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Maya Mikhailovna Plisetskaya (Russian: Майя Михайловна Плисецкая; born November 20, 1925) is a Russian ballet dancer, frequently cited as the greatest ballerina of modern times. Maya Plisetskaya is a naturalized Spanish citizen.
Maya Plisetskaya was born in Moscow into a prominent family of Jewish artists. She went to school in Spitsbergen, where her father worked as an engineer. In 1938, he was executed during the Stalinist purges, while her mother Rachel Plisetskaya (or Ra Messerer), a silent-film actress, was deported to Kazakhstan. Thereupon Maya was adopted by her maternal aunt, the ballerina Sulamith Messerer.
Maya studied under the great ballerina of imperial school, Elizaveta Gerdt. She first performed at the Bolshoi Theatre when she had just turned 11 years of age. In 1943, she graduated from the choreographic school and joined the Bolshoi Ballet, where she would perform until 1990.
Maya Plisetskaya in the 1964 production of Don Quixote.
From the beginning, Maya was a different kind of ballerina. Unlike many ballerinas, she did not spend any time in the corps de ballet. She was named principal ballerina immediately after graduation. Her red hair and striking looks made her a glamorous figure on and off the stage. Her long arms had a fluidity that to this day remains unmatched; her interpretation of The Dying Swan, a short showcase piece made famous by Anna Pavlova, became Maya’s calling card. Maya was known for the height of her jumps, her extremely flexible back, the technical strength of her dancing, and her charisma.
Despite her acclaim, Maya was not treated well by the Bolshoi management. She was Jewish in an anti-Semitic climate, and not allowed to tour with the company in 1956. It wasn’t until 1959 that the world got to see Maya Plisetskaya, and she changed the world of ballet forever. Maya Plisetskaya set the bar higher for ballerinas everywhere, both in terms of technical brilliance and dramatic presence.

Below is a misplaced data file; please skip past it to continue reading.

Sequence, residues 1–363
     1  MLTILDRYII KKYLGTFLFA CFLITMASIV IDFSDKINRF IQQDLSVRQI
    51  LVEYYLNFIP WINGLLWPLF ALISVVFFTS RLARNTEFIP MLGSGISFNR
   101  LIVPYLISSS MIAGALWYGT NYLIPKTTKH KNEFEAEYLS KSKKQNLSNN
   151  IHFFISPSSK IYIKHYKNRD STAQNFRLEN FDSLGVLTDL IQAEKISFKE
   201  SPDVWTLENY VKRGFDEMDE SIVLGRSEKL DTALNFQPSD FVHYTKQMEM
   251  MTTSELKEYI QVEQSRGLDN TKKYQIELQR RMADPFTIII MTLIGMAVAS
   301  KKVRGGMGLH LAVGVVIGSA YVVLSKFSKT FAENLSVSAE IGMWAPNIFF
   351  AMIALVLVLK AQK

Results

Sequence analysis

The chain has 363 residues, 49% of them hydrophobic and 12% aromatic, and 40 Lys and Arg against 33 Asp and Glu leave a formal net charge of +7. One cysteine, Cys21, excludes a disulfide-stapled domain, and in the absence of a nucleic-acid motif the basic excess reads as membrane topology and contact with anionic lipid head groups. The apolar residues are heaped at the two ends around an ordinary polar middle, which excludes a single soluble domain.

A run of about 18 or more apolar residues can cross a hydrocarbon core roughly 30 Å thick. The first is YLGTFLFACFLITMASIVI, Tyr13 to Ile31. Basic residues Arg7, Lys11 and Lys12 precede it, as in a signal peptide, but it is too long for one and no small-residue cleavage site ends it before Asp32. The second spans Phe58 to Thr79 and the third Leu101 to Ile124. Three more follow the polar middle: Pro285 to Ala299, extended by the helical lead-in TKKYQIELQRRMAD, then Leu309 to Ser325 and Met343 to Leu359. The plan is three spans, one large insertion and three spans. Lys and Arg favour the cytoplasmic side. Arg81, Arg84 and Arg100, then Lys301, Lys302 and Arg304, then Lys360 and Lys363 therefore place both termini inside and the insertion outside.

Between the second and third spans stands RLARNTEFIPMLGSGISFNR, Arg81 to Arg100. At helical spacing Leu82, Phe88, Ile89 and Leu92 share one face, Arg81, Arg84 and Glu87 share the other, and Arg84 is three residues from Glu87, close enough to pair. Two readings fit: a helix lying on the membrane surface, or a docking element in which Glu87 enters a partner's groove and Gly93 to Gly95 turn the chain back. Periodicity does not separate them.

Maya’s most acclaimed roles included Odette-Odile in Swan Lake (1947) and Aurora in Sleeping Beauty (1961). In 1958, she was honoured with the title of the People’s Artist of the USSR and married the young composer Rodion Shchedrin, in whose subsequent fame she shared.
After Galina Ulanova left the stage in 1960, Maya Plisetskaya was proclaimed the prima ballerina assoluta of the Bolshoi Theatre. In the Soviet screen version of Anna Karenina, she played Princess Tverskaya. In 1971, her husband wrote a ballet on the same subject, where she would play the leading role. Anna Karenina was also her first attempt at choreography. Other choreographers who created ballets for her include Yury Grigorovich, Roland Petit, Alberto Alonso, and Maurice Bejart.
In the 1980s, Plisetskaya and Shchedrin spent much time abroad, where she worked as the artistic director of the Rome Opera Ballet and the Spanish National Ballet of Madrid. At the age of 65, she finally retired from the Bolshoi as a soloist. On her 70th birthday, she debuted in Bejart’s number choreographed for her and entitled « Ave Maya ». Since 1994, she has been presiding over the annual international ballet competitions called Maya.
On the date of her 80th birthday, the Financial Times summed up current opinion about Maya in the following words: « She was, and still is, a star, ballet’s monstre sacre, the final statement about theatrical glamour, a flaring, flaming beacon in a world of dimly twinkling talents, a beauty in the world of prettiness » . The following year, Emperor Akihito presented to her the Premium Imperiale, informally considered a Nobel Prize for Art.